/How, When And Where You Can See A Silvery Half-Moon Slide Past A Red Mars With Your Naked Eyes This Week » TechnoCodex (via Qpute.com)
How, When And Where You Can See A Silvery Half-Moon Slide Past A Red Mars With Your Naked Eyes This Week » TechnoCodex

How, When And Where You Can See A Silvery Half-Moon Slide Past A Red Mars With Your Naked Eyes This Week » TechnoCodex (via Qpute.com)


Mars is not what it was.

After spending the latter half of 2020 as a stunningly bright planet, it’s on the wane.

That’s happening because Earth is pulling away from Mars as we continue on our faster journey around the Sun, but before separation gets too serious there’s a fitting finale this week as the Moon shines close to the red planet.

As it does so it will also be possible for those with binocular and telescopes to have a go at looking for the blue-green planet Uranus—the seventh planet from the Sun—close by.

Here’s when to see the Moon, Mars and Uranus in the night sky this week.

When and where to see the Moon and Mars this week

The key times to look are after sunset on Wednesday, January 20 and Thursday, January 21, 2021.

  • On Wednesday you’ll see a 50%-illuminated First Quarter Moon in the southern night sky perched about 6º below the red planet Mars, and closing in on it as the night wears on.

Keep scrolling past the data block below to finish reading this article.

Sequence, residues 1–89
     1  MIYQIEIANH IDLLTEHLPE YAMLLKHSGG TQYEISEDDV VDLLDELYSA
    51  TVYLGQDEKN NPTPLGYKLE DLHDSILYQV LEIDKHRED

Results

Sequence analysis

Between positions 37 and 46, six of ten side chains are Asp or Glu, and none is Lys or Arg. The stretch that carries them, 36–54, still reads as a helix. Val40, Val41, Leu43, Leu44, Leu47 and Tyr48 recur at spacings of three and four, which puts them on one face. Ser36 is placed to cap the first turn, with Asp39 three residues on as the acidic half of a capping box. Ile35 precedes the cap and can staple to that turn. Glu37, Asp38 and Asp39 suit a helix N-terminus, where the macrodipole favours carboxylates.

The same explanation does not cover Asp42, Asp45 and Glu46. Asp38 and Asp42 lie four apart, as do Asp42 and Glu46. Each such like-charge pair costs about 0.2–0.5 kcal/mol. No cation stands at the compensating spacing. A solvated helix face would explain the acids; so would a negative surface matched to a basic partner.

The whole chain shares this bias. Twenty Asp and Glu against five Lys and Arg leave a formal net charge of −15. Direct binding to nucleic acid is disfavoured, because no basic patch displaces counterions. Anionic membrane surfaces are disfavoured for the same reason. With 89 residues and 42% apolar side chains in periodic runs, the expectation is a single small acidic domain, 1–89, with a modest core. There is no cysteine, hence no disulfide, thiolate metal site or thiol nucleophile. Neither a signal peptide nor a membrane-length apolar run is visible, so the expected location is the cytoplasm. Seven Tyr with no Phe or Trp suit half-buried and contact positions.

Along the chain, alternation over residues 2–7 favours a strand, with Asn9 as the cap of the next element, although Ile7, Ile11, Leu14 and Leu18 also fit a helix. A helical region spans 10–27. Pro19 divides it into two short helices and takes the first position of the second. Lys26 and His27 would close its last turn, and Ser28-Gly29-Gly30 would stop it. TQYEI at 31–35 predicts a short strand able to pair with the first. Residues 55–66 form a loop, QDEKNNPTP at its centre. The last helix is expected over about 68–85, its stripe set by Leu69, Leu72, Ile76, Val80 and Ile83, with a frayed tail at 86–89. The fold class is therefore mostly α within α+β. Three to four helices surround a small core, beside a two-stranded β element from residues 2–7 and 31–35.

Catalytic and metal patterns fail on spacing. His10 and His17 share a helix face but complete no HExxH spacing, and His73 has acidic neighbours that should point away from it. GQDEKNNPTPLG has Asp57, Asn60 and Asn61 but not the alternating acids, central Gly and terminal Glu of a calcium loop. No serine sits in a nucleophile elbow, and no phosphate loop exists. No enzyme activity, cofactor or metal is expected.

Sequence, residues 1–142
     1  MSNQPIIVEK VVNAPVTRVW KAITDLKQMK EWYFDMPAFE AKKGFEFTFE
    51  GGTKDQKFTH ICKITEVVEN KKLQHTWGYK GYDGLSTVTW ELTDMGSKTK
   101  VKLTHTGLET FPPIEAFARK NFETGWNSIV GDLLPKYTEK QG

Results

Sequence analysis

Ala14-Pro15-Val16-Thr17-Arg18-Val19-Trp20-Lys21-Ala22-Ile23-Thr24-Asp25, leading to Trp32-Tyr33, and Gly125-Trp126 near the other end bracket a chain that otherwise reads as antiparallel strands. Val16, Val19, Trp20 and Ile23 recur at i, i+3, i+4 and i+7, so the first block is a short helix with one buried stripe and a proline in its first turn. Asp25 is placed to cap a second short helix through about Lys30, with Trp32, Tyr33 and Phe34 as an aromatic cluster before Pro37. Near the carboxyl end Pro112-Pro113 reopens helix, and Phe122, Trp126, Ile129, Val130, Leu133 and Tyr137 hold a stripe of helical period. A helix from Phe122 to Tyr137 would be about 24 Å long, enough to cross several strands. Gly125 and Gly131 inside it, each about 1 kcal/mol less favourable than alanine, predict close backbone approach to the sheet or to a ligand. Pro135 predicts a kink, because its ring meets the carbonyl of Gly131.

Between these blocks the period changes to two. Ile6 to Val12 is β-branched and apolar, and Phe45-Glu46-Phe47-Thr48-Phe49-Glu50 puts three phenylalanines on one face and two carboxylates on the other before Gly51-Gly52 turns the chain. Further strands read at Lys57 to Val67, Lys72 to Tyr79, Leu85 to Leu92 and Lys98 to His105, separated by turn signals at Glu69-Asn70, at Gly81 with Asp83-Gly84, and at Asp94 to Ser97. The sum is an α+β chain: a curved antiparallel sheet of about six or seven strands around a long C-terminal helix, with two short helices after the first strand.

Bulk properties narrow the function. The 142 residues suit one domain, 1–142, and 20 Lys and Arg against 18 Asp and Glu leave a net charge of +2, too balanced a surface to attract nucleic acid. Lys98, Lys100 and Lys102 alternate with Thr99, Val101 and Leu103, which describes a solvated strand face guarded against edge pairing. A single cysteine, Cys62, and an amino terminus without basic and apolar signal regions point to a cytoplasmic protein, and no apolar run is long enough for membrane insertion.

• On Thursday it will be possible to see a 60%-lit Moon about 5º from the both Mars and Uranus.

MORE FROM FORBESA Giant Magnetic Bubble Around Uranus Was Just ‘Discovered’ By NASA’s Voyager 2

How to see Uranus

Uranus is virtually impossible to see with the naked eye, but this week is nevertheless a great time to find it if you have optical aids.

It’s so far away and so faint that seeing the seventh planet from the Sun means using binoculars or a small telescope, though even with them you’ll only see a blue-green dot.

When and where to see Mars and Uranus this week

The reason why this week is a good time to find Uranus is because the “sideways planet” is in conjunction with Mars (and the Moon on Wednesday), and so relatively easy to find in the night sky. You’ll find it about 1.5º below and to the left of Mars.

However, know that Uranus will shine at a magnitude of 5.7, much dimmer than Mars, which will shine at a magnitude of 0.25, though thankfully the blue-green planet is not close to another bright star.

Times and dates given apply to mid-northern latitudes. For the most accurate location-specific information consult online planetariums like Stellarium and The Sky Live. Check planet-rise/planet-set, sunrise/sunset and moonrise/moonset times for where you are.

Wishing you clear skies and wide eyes.




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